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Perforated Viscus: Examination

by Sharon Bord, MD
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    00:01 The classic history for perforated viscus is a sudden onset of severe abdominal pain.

    00:07 You wanna ask about if the patient had any prior abdominal pains.

    00:13 So do they have a history of having significant epigastric abdominal pain? Or diverticulitis’ pain, that’s classically in the left lower portion of the abdomen? So have they had any of that kind of pain recently? Have they ever had any kind of abdominal surgeries? Finding out whether or not patient has that surgery on their belly really can be helpful in trying to figure out what the underlying causes of the perforation or potentially to make you more concern that someone could get a perforation.

    00:42 And then lastly, medications.

    00:44 So is your patient on a PPI? That’s a proton pump inhibitor.

    00:48 Are they on any GI related medications? Medications that would point you in the direction that they were having long term history of peptic ulcers.

    00:58 Are they on an H2-blocker such as famotidine? Finding out what medications the patients are on can be very helpful.

    01:06 Now, for patients with the perforated viscus, they’re gonna present with a variety of things.

    01:12 So they may have fever, they may have tachycardia, tachypnea, hypotension, and possibly even sepsis or shock.

    01:20 Generally, these patients are gonna be very sick appearing.

    01:23 When you have a hole in your intestines it sets off a whole bunch of inflammatory markers and that’s what causes the patient to have all of these vital sign abnormalities.

    01:33 To look very ill, to appear uncomfortable.

    01:35 And then in the abdominal exam, so early on in the course you may have focal tenderness to the area of perforation.

    01:43 For example, if someone developed a hole in their stomach, they may just be tender in the epigastric area.

    01:49 Late in the course is when patients develop peritoneal signs.

    01:53 These are patients who potentially maybe laying still in bed, they might not wanna move because potentially moving may make the pain worse.

    02:01 They may have diffuse tenderness of their abdomen.

    02:04 Their belly may be rigid, so when you go to touch their abdominal wall, it might feel hard almost like a board of wood.

    02:12 And they may also have rebound and guarding.

    02:15 So rebound tenderness is when you push down and then when you let go the patient experience more pain.

    02:20 And then guarding is when patients kind—there’s both voluntary guarding which is when a patient tries to push your hand away when you push their belly and then involuntary guarding which is when the abdomen is more in that rigid state.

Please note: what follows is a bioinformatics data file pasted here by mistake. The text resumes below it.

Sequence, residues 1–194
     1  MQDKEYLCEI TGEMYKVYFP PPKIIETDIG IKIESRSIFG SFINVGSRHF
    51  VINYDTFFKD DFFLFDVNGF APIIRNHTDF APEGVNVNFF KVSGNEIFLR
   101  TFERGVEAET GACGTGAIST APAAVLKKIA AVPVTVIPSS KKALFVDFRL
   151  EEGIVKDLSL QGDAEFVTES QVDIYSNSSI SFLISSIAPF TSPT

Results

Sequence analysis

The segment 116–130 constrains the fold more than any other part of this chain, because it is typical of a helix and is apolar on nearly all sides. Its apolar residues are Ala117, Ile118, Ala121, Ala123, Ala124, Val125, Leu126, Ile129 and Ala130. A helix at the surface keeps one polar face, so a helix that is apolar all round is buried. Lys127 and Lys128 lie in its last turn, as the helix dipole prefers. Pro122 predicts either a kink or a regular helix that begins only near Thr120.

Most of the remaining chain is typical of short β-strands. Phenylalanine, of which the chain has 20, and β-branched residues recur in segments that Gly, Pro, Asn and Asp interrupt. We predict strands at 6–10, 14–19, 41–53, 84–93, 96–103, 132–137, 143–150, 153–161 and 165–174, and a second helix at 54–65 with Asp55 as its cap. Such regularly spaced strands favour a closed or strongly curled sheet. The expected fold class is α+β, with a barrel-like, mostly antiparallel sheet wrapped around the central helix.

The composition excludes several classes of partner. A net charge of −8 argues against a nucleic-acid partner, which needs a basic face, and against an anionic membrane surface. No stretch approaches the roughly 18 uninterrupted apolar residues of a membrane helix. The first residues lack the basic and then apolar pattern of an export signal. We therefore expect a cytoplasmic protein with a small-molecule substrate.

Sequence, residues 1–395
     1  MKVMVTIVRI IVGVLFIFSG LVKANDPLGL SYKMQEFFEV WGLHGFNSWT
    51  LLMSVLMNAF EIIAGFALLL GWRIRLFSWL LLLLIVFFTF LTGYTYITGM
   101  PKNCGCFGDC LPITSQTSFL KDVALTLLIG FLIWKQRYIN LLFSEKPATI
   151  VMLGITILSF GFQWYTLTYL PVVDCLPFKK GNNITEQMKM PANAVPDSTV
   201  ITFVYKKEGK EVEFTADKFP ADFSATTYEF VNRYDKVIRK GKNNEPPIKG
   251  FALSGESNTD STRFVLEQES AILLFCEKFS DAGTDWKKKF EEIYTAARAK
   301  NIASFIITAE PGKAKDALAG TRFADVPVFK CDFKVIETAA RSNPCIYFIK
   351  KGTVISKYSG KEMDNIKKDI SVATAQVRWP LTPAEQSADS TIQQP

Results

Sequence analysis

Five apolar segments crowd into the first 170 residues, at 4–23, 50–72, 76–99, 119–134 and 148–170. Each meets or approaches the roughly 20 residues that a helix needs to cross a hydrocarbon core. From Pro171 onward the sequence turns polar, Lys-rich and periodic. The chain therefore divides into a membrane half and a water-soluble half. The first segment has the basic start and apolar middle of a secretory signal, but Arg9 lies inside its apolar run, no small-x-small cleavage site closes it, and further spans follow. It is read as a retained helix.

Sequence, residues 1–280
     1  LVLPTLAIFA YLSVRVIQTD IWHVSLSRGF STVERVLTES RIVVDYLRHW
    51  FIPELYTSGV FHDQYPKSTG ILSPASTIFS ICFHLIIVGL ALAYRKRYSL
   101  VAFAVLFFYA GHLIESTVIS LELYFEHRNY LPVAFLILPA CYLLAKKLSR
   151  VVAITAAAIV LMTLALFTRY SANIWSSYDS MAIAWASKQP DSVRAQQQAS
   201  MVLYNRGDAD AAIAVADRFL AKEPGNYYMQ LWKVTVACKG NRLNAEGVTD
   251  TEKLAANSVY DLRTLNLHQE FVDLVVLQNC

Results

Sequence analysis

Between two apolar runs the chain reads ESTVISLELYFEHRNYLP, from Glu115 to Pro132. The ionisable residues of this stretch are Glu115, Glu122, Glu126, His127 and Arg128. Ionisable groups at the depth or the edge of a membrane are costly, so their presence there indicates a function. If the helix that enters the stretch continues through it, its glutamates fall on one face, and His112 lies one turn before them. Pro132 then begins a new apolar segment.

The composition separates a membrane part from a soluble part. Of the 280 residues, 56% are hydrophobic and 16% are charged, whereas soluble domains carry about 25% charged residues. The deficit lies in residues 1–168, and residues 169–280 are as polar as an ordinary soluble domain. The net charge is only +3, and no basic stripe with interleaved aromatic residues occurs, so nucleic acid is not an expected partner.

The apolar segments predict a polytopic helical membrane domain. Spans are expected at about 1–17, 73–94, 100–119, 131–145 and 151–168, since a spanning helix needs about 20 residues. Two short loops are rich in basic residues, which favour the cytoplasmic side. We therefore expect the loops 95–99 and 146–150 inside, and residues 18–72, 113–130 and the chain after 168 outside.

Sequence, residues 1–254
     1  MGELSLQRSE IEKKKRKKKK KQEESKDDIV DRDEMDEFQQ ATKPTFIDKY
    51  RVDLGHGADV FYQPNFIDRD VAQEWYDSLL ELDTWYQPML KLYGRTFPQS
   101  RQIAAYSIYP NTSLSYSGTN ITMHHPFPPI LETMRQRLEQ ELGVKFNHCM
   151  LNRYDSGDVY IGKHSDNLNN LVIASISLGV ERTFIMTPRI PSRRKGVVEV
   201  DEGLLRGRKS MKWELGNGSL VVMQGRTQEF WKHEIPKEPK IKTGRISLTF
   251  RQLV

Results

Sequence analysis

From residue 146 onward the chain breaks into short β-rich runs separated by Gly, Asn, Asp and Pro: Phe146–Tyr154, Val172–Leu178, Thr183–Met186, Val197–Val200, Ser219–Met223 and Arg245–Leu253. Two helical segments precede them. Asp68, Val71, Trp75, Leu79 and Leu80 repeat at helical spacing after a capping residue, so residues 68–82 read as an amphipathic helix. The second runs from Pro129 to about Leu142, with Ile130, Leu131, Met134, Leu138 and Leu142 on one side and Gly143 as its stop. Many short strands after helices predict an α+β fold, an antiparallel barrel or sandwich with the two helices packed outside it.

02:34 In the elderly and the immunocompromised patient may present atypically and may present diagnostic challenges.

    02:40 The reasons that they may present atypically is that maybe a delayed in presentation.

    02:45 So they might not necessarily feel that initial intense pain due to the fact that they may have altered pain proprioception, they may not feel it in the similar way to other people or possibly they have chronic abdominal pain and they feel as if it’s just the worsening of their chronic abdominal pain.

    03:02 They may have pain for days rather than a patient who otherwise is younger, who will have pain for minutes or hours.

    03:10 So they might present after a number of days.

    03:12 And they may also have pain out of proportion to the physical exam.

    03:16 So you might go ahead and feel their abdomen and their abdomen might be reasonably benign feeling.

    03:22 So it might be soft, it might not have any clear or distinct tenderness and that’s what we call pain out of proportion to the physical exam.

    03:30 They may be reporting a lot of pain but the physical exam might not be that exciting.

    03:36 And then lastly, they may have unimpressive vital signs.

    03:39 So they might have relatively normal looking vital signs.

    03:42 Have a very low threshold for imaging these patients.

    03:46 You definitely wanna make sure that you don’t miss this diagnosis and be sure to keep it on your differential.

    03:52 So for elderly patients, immunocompromised patients, I generally will include diabetic patients in that immunocommpromised subset because they’d might not necessarily perceive pain in the same way that a patient without diabetes would.


    About the Lecture

    The lecture Perforated Viscus: Examination by Sharon Bord, MD is from the course Abdominal and Genitourinary Emergencies. It contains the following chapters:

    • Perforated Viscus Diagnosis
    • Perforated Viscus Diagnosis: X-ray
    • Perforated Viscus Diagnosis: CT Scan
    • Perforated Viscus Diagnosis: Ultrasound

    Included Quiz Questions

    1. Left lower quadrant
    2. Left upper quadrant
    3. Periumbilical
    4. Right lower quadrant
    5. Right upper quadrant
    1. They will always present with hypotension at the onset of pain
    2. They may show atypical signs of perforation
    3. The progression of symptoms may be gradual
    4. The pain may be out of proportion to physical examination findings
    5. The onset of symptoms may take days to develop

    Author of lecture Perforated Viscus: Examination

     Sharon Bord, MD

    Sharon Bord, MD


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